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'Make in India' Single engined fighter

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Philip
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Re: 'Make in India' Single engined fighter

Postby Philip » 05 Apr 2017 11:23

The entire issue is being obfuscated with the supposed choice befor eus,"either the Gripen of F-16",when in reality we have other much better choices like -as stated above,more LCAs,Rafales,MIG-29UG/35s,MKIs or even SU-34s to give the IAF a reasonable bomber capability.

The 60 transports are v.urgently reqd.,to replace ancient AVROs,plus increase med. capacity now that the MTA has crashlanded.The AN-32s are also old,but have had a life-extension programme for the entire lot. Wiht the increased HImalayan requirements,these light-to med. transports /c-295s,will enhance our logistic capability where we need it most.

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Re: 'Make in India' Single engined fighter

Postby Khalsa » 06 Apr 2017 05:12

srai wrote:
Khalsa wrote:

For a change I agree with you.
The Gap needs to be filled with perhaps one squadron of Rafael or two with Mig-29 / 35.
Meanwhile ramping up LCA
and pouring the F-16 factory money into the AMCA.

FGFA is not coming till 2030
F-35 will suck all budgets dry if we buy those in strong numbers
Su-30 MKU run the risk of being categorised as one size fits all and therefore flog it to death and flog it again.

1 More Squadron of Rafael with 2 Squadrons for Navy.
60 or so Mig-35s
LCA X (as the numbers are required)

Move on to AMCA
Move on to FGFA-2040


IMO, not wise to go with additional MiG-29/35 at this point in time. By 2035 or so, all MiG-29, Mirage-2000 and Jaguar will be retired. That would leave the IAF with Su-30MKI, Rafale, LCA Mk.1A/2, FGFA and AMCA. Get more of any of these ones that will remain long-term (past 2035). Order a mix of MKI, Rafale and LCA squadrons over the next 10-years. Post 2030, order more of FGFA and AMCA.

If at all adding legacy airframes, go with second-hand MiG/Mirage airframes and upgrade them to similar UPG standards and/or use them for spare parts.



I agree with you in the sense that I don't want the INDigenous focus to be dilluted.
But I did the number crunching way way back and there is just no bloody way we can arrest that massive gaping hole which will be brought on by the retirement of a massive number of aircrafts.

Thats just numbers right but the actual service_ability of the squadron looks even more dire.
If we try and flog old Mig-29 UPG airframes we run the risk of re-running the saga with the old Mig-21s.
Spares/ Price / Quality/ HumanLife Risk

We need a stop gap.
Bring an Amreekan or Western one, it risks killing our INDigenous efforts by direct murder (sucks up all the space, engineers, screwdriver wallahs etc etc)
Bring a Russian one, it risks killing our INDigenous efforts by indirect murder by sucking up funding. Russian will pretend to sell for $100 and eventually sell it you for $372 and 5 years too late with 3 wheels missing and no close defence capability.
I say choose the second.
Fake it til you make it.
Fake we have numbers and strength till our industry starts churning.

The Rafael suggested price is important, it shoulders the AMCA till it churns out.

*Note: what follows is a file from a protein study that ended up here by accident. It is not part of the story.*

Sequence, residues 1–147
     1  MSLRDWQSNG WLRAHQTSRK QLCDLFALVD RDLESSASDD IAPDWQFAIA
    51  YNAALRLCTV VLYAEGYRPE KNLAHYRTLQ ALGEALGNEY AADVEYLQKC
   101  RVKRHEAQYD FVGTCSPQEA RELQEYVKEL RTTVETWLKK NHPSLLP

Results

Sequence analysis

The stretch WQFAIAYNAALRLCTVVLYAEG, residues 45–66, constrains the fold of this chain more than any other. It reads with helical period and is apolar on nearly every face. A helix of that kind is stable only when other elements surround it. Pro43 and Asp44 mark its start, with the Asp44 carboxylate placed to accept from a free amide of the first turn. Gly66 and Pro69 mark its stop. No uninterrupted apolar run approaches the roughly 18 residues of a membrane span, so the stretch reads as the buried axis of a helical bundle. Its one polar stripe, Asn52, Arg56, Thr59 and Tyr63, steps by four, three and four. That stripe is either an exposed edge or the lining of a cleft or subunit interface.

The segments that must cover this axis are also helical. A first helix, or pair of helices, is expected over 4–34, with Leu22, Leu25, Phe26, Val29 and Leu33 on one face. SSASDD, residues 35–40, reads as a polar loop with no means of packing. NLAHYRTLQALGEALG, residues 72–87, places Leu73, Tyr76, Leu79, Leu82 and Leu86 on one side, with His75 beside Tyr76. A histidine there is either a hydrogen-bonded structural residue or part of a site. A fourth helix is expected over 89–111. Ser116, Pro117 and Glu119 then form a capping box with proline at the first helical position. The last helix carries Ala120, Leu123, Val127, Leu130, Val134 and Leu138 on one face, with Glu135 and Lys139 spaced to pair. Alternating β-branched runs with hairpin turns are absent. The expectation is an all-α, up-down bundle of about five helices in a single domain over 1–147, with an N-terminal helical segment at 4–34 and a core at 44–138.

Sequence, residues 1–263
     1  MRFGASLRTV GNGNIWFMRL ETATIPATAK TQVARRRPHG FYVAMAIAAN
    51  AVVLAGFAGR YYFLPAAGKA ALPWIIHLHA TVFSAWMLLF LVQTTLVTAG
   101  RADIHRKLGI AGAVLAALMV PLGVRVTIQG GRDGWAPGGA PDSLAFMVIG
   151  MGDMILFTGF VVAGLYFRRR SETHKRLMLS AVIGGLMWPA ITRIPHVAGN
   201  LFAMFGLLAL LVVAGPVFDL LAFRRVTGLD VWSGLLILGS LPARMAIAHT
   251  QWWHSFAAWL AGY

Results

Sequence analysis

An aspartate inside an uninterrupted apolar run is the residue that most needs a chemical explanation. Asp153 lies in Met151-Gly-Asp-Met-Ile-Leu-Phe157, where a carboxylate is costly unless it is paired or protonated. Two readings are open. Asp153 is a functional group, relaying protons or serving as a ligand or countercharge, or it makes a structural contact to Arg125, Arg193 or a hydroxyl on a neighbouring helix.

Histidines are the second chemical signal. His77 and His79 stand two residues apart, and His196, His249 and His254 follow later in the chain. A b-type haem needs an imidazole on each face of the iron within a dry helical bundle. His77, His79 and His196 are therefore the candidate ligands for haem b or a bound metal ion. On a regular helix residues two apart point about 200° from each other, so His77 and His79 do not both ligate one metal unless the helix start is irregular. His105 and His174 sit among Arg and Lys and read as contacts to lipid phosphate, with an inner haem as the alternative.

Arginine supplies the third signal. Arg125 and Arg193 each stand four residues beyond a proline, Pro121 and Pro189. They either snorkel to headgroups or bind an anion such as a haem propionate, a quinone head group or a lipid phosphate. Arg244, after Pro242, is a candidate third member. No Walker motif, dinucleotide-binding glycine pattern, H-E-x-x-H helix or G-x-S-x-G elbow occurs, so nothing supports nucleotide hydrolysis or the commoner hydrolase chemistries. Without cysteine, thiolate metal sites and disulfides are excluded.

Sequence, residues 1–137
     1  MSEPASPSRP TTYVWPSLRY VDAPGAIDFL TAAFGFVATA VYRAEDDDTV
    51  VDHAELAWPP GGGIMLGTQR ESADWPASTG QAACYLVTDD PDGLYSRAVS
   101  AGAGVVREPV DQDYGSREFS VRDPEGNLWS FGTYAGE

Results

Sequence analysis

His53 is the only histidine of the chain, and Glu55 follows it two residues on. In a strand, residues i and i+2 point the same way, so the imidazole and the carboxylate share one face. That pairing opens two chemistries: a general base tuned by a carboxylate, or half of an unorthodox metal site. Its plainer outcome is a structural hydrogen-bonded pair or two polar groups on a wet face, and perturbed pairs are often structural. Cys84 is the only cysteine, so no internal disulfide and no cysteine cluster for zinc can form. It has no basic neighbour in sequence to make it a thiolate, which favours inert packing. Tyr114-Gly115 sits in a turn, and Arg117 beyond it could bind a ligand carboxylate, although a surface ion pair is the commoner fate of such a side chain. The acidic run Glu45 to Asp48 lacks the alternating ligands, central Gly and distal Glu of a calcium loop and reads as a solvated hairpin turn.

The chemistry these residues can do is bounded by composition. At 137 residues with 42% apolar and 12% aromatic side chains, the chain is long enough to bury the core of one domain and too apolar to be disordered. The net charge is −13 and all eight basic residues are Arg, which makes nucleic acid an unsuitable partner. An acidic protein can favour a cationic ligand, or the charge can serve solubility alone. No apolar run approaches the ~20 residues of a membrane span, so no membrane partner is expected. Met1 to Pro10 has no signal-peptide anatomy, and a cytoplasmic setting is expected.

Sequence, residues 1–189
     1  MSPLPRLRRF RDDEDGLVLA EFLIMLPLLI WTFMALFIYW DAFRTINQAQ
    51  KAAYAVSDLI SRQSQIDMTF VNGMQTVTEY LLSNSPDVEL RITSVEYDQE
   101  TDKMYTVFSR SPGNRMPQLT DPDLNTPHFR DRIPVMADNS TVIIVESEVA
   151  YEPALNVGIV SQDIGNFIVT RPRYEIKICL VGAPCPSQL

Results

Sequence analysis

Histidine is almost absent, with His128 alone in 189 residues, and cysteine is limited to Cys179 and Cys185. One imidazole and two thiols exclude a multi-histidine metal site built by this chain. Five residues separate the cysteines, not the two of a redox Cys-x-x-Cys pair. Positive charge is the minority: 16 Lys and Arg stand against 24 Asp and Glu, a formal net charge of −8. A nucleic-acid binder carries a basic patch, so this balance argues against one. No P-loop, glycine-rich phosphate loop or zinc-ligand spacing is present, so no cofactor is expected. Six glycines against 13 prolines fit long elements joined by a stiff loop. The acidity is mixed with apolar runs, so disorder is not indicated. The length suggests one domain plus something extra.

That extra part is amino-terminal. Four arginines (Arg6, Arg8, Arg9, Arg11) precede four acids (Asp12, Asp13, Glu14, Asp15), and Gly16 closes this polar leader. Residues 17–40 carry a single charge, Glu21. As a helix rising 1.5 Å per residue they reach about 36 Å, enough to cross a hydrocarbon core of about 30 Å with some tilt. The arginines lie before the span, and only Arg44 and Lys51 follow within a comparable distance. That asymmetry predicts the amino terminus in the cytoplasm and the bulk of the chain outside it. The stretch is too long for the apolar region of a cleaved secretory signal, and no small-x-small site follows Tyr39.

else we will be pressed to look at Typhoon or F-18 or even the Su-34 (who knows).

Today I read an article that we are looking at buy the remaining the Mig-29s from Malaysia.
Who knows maybe your predictions are coming true and I welcome that too.

Whatever it is I think we agree that IAF needs to get off the chair and into the air.
Time for discussing with babus is over
Time for talking with HAL for Tejas , Mk1A , MK2 and AMCA is now and its ripe.
Fal Pak Chuka Hai !!

Cosmo_R
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Re: 'Make in India' Single engined fighter

Postby Cosmo_R » 06 Apr 2017 05:38

Jeez! after the MiG 29K fiasco, the MiG 29 & SU30 engine issues you're still considering anything from those guys?. Russians are more skilled at killing indigenous projects than anyone else.

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Re: 'Make in India' Single engined fighter

Postby Cybaru » 06 Apr 2017 06:02

Hope they add the 12 Qatari mirages and 33 from UAE plus order some more MKI and LCAs. This should help quite a bit.

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Re: 'Make in India' Single engined fighter

Postby chola » 06 Apr 2017 07:59

Cosmo_R wrote:Jeez! after the MiG 29K fiasco, the MiG 29 & SU30 engine issues you're still considering anything from those guys?. Russians are more skilled at killing indigenous projects than anyone else.



Russians are more skilled at killing actual Indians than anyone else.

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Re: 'Make in India' Single engined fighter

Postby Cain Marko » 06 Apr 2017 09:19

Thats just numbers right but the actual service_ability of the squadron looks even more dire.
If we try and flog old Mig-29 UPG airframes we run the risk of re-running the saga with the old Mig-21s.
Spares/ Price / Quality/ HumanLife Risk


Not necessarily, spares can be stocked up. Also, the fulcrum being twin engined is likely to be much safer than the 21s, not to mention that it has exceptional slow speed qualities unlike the 21. The 29k issue is more a result of sea borne ops Iirc. Land based setup might be a lot easier. Get 50 to100 mothballd frames at 5 million a piece and upgrade them. Use and throw by 2030. The whole thing won't cost more than a couple of billion and IAF will have the numbers they need and in a hurry too. There is truly no point buying f16s and gripens at a time when the Tejas is ready and the threat matrix in the near future is likely to see 5gen birds. Rather get a couple dozen jsf even if it adds to the menagerie